1.4 Anti-bribery and anti-corruption
UCB’s Code of Conduct, which is part of mandatory training for all UCB people, includes Anti-bribery and Anti-corruption (ABAC) standards – considered a very relevant Material Aspect. In addition, UCB includes these standards in its Business Compliance policy and procedures related to healthcare stakeholders’ engagement.
Bribery and corruption risks in the healthcare sector predominantly exists in bribery in medical service delivery, corruption in the procurement value chain, improper marketing relations, misuse of level positions, undue reimbursement claims, and fraud and embezzlement of medicines. These risks of bribery or corruption may arise from UCB people, as well as, from third parties acting on behalf of UCB.
There are various processes in place to support the ABAC policies, such as:
- speciﬁc ABAC trainings for those people interacting or engaging with external stakeholders;
- systematic process controls of ﬁnancial transactions with healthcare stakeholders, including review and approval of activities and associated transfer of value by UCB management and/or independent functions, such as, Ethics and Compliance;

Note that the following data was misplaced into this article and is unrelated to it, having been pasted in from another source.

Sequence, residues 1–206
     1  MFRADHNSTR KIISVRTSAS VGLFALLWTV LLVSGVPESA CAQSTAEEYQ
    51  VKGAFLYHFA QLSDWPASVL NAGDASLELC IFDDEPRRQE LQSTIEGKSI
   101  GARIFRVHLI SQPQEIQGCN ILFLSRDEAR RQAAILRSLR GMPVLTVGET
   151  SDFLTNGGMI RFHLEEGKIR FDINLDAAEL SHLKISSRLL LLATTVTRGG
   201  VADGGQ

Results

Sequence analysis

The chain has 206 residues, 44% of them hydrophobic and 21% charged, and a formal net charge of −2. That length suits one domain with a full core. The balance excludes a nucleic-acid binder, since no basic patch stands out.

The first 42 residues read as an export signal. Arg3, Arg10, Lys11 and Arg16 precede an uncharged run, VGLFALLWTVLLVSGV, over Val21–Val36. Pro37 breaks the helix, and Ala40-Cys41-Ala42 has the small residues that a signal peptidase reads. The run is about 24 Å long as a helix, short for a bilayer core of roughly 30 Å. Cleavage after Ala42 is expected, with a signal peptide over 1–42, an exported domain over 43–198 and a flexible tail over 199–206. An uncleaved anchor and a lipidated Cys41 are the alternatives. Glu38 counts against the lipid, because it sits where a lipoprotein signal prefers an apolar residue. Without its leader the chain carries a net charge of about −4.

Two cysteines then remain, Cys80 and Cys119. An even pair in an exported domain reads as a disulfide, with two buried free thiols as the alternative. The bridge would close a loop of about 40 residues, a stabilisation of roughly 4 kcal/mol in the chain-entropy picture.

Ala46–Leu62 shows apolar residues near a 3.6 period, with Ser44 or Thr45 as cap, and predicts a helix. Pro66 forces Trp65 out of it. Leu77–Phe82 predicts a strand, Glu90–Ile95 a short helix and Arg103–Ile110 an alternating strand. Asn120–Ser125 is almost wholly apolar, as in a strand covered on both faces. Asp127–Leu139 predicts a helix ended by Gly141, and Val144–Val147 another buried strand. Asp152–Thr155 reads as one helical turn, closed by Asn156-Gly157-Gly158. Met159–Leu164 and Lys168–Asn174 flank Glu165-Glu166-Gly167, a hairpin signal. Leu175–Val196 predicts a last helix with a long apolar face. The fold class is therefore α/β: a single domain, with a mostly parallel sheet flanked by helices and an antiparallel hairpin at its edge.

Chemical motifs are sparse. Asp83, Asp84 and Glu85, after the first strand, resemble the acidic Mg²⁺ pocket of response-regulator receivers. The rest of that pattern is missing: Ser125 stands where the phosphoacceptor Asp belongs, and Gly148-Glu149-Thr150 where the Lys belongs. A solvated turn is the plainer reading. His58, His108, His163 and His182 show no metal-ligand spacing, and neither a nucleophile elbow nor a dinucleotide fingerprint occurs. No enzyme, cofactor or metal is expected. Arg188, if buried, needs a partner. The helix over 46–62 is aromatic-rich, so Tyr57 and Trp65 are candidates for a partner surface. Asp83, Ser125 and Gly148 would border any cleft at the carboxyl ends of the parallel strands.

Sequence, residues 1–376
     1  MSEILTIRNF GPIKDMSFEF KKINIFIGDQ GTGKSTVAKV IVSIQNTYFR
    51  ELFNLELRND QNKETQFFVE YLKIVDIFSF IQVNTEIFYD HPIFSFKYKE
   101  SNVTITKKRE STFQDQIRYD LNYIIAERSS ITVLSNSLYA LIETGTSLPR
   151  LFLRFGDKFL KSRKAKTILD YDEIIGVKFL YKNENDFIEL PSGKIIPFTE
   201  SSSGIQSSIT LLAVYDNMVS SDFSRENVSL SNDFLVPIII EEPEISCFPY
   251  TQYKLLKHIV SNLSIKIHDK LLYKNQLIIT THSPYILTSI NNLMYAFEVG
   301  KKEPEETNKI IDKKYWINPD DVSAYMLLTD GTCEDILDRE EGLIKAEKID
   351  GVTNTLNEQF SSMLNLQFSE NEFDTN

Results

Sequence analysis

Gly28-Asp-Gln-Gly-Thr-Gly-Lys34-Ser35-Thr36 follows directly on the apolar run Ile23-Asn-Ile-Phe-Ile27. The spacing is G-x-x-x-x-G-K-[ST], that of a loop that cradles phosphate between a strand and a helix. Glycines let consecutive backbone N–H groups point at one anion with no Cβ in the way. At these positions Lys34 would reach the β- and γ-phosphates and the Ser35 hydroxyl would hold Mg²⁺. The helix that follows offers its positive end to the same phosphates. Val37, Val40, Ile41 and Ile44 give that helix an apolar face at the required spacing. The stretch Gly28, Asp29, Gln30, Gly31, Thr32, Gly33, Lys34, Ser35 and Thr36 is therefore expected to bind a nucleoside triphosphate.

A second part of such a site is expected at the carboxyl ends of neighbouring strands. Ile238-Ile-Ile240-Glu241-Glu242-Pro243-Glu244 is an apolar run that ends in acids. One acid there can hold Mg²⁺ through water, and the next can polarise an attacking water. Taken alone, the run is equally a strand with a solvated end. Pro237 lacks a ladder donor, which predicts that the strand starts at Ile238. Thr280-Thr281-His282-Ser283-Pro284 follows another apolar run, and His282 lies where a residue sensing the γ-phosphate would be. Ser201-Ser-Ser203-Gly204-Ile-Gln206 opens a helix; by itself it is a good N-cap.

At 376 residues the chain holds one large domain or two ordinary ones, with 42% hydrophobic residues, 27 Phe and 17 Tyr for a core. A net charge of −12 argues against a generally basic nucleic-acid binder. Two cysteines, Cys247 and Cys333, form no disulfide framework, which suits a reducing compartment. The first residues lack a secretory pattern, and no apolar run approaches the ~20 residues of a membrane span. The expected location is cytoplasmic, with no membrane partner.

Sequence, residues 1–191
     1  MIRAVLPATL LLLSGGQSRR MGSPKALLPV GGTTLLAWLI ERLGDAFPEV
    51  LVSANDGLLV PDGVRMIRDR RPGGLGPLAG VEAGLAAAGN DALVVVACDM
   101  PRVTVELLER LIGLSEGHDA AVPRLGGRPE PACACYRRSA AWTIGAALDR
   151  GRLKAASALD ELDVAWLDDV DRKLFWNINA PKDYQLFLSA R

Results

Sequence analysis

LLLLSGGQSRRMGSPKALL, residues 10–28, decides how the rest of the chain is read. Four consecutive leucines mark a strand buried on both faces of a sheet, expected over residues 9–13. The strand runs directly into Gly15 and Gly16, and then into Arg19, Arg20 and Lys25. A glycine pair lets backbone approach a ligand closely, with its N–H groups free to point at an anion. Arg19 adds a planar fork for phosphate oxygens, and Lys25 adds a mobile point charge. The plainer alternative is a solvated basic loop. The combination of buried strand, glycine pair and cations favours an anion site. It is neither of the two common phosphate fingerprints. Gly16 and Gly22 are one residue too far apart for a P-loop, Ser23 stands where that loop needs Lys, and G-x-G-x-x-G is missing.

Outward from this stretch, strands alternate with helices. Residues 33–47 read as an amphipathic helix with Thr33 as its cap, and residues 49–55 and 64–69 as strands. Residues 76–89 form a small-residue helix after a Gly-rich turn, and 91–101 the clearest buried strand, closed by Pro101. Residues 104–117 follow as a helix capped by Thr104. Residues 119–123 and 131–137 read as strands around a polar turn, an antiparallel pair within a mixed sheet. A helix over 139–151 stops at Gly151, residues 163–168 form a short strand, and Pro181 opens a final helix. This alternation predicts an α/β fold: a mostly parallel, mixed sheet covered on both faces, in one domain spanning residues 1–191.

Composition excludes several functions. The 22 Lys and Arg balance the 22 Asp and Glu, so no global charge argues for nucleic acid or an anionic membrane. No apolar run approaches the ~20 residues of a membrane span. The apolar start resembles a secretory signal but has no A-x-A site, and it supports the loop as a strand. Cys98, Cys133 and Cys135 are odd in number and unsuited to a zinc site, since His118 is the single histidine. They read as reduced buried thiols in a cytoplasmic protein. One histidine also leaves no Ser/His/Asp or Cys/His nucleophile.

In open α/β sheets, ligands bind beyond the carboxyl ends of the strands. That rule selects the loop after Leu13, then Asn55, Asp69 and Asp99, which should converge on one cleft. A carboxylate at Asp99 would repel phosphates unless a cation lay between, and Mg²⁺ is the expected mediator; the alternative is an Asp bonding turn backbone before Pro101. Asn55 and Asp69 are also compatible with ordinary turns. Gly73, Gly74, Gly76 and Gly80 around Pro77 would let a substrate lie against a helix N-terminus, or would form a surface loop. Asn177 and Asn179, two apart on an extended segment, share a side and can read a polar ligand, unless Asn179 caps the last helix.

- regular monitoring on adherence and effectiveness of controls are taking place, including monitoring of transfer of values by Finance, Ethics and Compliance and Global Internal Audit departments;
- Integrity Due Diligence is being deployed across UCB to identify prior history of ABAC standards violation by our potential partners engaging with healthcare stakeholders on UCB’s behalf;
- effective monitoring of transfer of value by a systematic review of ﬁnancial transactions in the form of fee for services, grants, donations or sponsorship of those stakeholders, as well as, non-ﬁnancial transactions such as organization of business travels and scientiﬁc/medical events;
- any third-party, acting on behalf of UCB, and engaging with stakeholders is expected to and is contractually obliged to act according to the highest standards, including the ABAC standards. The third parties should have internal standards and controls in place or agree to adhere to those deﬁned by UCB, among others.
UCB’s Global Internal Audit department periodically audits UCB’s operations for potential risks related to the areas described above in accordance with an established rotational schedule. In 2018, three corruption cases involving UCB people or third parties acting on behalf of UCB were identified. Reported allegations of individual misconduct were systematically investigated and disciplinary actions were taken.
Furthermore, UCB complies with public disclosure obligations of ﬁnancial transactions with healthcare organizations, healthcare professionals and patient organizations. Speciﬁc obligations are in place in Europe, Turkey, Russia, U.S., Japan, New Zealand and Australia, and UCB strives to comply with transparency regulations and codes where available.